Case Western Reserve University's independent student news source

The Observer

Case Western Reserve University's independent student news source

The Observer

Case Western Reserve University's independent student news source

The Observer

Sign up for our weekly newsletter!

CWRU to make attendance free to Cleveland, East Cleveland public school students

Community is hopeful that expanded program will connect CWRU to surrounding areas

Case Western Reserve University announced on Sept. 13 that it will cover the total cost of attendance for eligible high-school graduates from the East Cleveland City School District and the Cleveland Metropolitan School District (CMSD) who choose to attend the university. The goal is to lessen the disparity between the “CWRU Bubble” and other areas of Cleveland by providing increased opportunity for students from Cleveland to attend the university.

“President Kaler has established community engagement as a top priority for the university, and challenged undergraduate admissions to identify additional ways to increase opportunities for talented Cleveland and East Cleveland students to pursue bachelor’s degrees on our campus,” noted Vice President for Enrollment Management Rick Bischoff.

The program will be open to students who spent at least the last two years of their high school careers in CMSD or East Cleveland schools, including CMSD partner charter schools. The program will cover tuition, housing, books and various other “supplies and personal expenses.” The program also covers a paid research or internship experience on campus.

The program debuted in 2017; previously, those enrolled in the program received full-ride tuition, but they had to pay for their own room, board and other materials.

In comments to various news sources, including Ideastream Public Media, the CEO of CMSD, Warren Morgan said this will make a difference in the lives of many students.

“The fact that some of our most talented graduates will now have extra incentive to continue their education at one of America’s leading universities will pay immediate dividends to CWRU and all of Northeast Ohio,” Morgan said regarding the benefits of the program.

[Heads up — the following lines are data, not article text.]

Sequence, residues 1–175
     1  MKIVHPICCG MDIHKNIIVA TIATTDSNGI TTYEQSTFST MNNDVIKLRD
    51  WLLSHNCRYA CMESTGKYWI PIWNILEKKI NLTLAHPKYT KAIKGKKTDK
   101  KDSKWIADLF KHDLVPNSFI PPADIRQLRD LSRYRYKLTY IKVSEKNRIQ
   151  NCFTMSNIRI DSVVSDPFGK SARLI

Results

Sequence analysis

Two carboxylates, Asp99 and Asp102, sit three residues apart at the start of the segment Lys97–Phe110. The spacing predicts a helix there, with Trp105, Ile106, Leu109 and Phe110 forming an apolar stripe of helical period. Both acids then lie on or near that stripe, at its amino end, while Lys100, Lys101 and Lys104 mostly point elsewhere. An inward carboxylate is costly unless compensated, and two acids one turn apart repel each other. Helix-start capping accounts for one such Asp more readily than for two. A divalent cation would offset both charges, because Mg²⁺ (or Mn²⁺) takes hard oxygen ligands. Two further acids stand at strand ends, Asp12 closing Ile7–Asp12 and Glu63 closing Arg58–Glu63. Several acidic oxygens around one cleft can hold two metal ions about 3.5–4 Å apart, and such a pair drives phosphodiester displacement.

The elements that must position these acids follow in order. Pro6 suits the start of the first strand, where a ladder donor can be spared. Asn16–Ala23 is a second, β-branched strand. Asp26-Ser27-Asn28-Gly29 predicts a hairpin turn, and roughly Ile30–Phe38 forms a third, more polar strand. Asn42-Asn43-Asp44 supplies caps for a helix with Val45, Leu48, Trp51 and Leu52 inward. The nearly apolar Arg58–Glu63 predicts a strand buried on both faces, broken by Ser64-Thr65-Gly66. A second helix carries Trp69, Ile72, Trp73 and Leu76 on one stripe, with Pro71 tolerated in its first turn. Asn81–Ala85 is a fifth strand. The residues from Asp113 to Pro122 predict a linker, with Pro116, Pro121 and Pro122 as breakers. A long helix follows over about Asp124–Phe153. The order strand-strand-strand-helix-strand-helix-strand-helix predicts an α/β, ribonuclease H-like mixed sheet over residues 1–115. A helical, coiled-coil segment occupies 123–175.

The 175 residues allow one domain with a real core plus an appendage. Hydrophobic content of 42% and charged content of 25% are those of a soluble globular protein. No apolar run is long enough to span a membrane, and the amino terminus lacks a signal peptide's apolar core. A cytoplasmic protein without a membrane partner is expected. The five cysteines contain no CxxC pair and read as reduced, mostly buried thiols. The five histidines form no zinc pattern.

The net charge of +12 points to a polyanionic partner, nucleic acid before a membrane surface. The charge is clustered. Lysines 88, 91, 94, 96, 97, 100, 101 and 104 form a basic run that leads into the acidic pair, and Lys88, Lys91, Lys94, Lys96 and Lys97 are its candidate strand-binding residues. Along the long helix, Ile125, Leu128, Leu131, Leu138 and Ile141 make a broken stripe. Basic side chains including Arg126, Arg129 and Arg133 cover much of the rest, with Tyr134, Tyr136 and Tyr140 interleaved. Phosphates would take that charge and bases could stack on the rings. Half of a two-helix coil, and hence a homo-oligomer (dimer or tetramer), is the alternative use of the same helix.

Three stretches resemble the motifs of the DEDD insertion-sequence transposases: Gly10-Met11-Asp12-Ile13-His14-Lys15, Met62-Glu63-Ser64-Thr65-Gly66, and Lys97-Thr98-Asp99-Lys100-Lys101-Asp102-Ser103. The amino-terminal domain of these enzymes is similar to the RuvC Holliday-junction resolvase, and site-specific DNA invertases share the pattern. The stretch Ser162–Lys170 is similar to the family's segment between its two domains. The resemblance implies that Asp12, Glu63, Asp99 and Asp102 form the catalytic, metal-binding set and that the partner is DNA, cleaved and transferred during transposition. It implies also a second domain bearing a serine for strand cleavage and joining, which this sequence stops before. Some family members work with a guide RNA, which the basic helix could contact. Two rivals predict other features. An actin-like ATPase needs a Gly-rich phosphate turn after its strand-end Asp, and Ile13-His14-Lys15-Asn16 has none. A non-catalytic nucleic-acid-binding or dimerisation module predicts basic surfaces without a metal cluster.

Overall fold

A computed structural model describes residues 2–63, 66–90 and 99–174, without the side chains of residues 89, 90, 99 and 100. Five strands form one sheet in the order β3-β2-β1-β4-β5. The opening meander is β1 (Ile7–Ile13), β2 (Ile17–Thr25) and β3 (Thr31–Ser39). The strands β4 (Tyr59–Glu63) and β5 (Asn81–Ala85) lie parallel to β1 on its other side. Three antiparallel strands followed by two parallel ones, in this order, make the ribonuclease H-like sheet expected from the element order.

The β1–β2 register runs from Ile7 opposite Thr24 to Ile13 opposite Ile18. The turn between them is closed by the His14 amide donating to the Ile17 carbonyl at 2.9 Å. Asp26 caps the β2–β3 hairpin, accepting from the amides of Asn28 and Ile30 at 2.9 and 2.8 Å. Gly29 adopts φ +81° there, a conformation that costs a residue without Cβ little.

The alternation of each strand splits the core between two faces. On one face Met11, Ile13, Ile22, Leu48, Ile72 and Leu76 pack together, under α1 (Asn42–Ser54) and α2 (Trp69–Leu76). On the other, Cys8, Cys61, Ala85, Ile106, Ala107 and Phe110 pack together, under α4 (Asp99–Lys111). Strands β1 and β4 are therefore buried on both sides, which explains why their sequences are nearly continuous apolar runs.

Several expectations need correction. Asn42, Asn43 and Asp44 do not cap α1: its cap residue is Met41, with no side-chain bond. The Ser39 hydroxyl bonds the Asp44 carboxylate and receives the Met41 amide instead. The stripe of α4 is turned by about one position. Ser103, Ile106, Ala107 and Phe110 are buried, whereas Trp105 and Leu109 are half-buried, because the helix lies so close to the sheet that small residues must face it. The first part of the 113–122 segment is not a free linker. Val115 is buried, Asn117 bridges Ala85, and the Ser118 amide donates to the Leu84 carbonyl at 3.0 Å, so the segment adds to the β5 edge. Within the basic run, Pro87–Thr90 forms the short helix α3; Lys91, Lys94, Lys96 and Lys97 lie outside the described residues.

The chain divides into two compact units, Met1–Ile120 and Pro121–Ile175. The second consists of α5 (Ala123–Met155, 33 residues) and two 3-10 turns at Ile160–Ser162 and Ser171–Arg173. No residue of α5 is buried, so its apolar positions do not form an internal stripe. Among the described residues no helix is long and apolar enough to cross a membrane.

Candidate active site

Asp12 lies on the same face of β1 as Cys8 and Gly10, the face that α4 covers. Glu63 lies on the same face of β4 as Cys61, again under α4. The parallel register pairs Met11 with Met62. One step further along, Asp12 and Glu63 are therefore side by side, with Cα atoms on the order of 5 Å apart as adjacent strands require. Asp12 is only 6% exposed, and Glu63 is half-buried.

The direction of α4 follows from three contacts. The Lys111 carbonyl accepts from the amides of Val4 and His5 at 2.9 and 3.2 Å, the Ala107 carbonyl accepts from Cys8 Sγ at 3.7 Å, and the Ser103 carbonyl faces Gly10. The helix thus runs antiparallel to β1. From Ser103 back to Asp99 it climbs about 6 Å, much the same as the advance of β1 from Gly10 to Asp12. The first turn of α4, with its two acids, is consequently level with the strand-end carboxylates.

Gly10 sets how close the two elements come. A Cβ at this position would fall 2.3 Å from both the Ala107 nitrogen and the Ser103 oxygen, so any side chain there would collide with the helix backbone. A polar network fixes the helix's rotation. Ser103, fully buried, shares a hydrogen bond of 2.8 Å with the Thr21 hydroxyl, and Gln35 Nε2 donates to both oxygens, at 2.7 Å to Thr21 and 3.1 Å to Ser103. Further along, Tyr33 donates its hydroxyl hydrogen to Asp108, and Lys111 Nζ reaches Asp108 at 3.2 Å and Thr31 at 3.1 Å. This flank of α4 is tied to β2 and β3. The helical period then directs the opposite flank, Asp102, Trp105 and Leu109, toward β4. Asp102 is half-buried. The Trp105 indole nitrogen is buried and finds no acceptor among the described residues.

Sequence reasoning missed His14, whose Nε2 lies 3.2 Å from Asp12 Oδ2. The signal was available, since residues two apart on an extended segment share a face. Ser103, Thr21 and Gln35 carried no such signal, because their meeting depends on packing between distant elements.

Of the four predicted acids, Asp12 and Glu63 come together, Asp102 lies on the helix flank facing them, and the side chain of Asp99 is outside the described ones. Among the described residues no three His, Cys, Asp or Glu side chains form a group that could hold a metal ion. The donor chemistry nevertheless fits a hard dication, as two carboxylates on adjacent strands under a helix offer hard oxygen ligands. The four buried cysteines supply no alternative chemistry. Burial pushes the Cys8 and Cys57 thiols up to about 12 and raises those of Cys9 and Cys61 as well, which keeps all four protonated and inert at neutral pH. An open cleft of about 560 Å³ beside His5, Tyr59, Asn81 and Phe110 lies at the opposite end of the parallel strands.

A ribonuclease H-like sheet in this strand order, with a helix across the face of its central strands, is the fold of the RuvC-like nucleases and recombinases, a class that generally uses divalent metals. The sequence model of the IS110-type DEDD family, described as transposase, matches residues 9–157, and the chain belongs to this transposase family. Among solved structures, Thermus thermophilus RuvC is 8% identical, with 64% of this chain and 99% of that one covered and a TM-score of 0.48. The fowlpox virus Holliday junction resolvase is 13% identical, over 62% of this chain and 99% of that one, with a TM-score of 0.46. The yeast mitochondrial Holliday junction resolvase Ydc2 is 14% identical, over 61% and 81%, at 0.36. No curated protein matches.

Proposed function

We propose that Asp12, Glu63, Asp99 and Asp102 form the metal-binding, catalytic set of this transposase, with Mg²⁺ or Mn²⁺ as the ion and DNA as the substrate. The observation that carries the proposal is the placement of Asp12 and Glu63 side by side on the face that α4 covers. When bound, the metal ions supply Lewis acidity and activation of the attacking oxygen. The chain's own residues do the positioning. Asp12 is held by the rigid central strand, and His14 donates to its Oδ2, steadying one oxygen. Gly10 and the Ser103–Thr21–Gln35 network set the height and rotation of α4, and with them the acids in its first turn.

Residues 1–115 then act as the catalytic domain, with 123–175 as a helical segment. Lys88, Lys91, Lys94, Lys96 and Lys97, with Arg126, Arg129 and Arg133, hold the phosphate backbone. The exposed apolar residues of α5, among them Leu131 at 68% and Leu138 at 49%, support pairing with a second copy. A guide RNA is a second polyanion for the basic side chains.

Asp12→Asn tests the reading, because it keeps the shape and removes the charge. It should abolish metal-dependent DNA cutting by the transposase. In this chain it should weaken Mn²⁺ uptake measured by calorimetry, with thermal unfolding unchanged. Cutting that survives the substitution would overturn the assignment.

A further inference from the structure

There are currently 56 students enrolled, and Bischoff plans on doubling that number. “As with most campus scholarship programs across the country, retroactive support is not available to previous recipients,” Bischoff explained further.

With the announcement of the expanding program, there is chatter about the relationship between CWRU and the surrounding Cleveland community.

“The expansion of Cleveland Scholars is [a] great start and a good opportunity for CWRU to form better connections with the community,” said Emma Mitchell, the president of Know Your Neighbors, a community advocacy student organization at CWRU.

Mitchell cautions this being the turning of the tide for community relations. “CWRU has the resources to be doing more; they can engage in ways with the community that [go] beyond students that will go to CWRU.”

Mitchell said that CWRU should develop college-prep programs and focus on bringing educational opportunities to local students.

Through a Neighborhood Advisory Council, Community Card Program, the Wade Park Community Engagement Center and an Office of Pre-Collegiate programs, Assistant Vice President of Local Government and Community Relations Julian Rogers specifically highlights how engagement has increased with local neighborhoods “which [are] charged to enhance K-12 pipeline programs.”

Rogers specifically notes that such initiatives were developed under President Eric Kaler’s leadership.

“CWRU has a good relationship with the residents in nearby neighborhoods and cities and the expansion of the Cleveland Scholars Program will only lead to making those relationships stronger,” said Rogers.

Leave a Comment
About the Contributor
Zachary Treseler, News Editor
Zachary Treseler is a third-year student majoring in international studies and economics, with minors in art history and French. Outside of writing to The Observer (sometimes at the last minute), you might be able to catch them walking backwards around campus, in Northeast Ohio's various bookstores, or seeing a show at Playhouse Square. Zachary also makes fudge…sometimes.

Comments (0)

In an effort to promote dialogue and the sharing of ideas, The Observer encourages members of the university community to respectfully voice their comments below. Comments that fail to meet the standards of respect and mutual tolerance will be removed as necessary.
All The Observer Picks Reader Picks Sort: Newest

Your email address will not be published. Required fields are marked *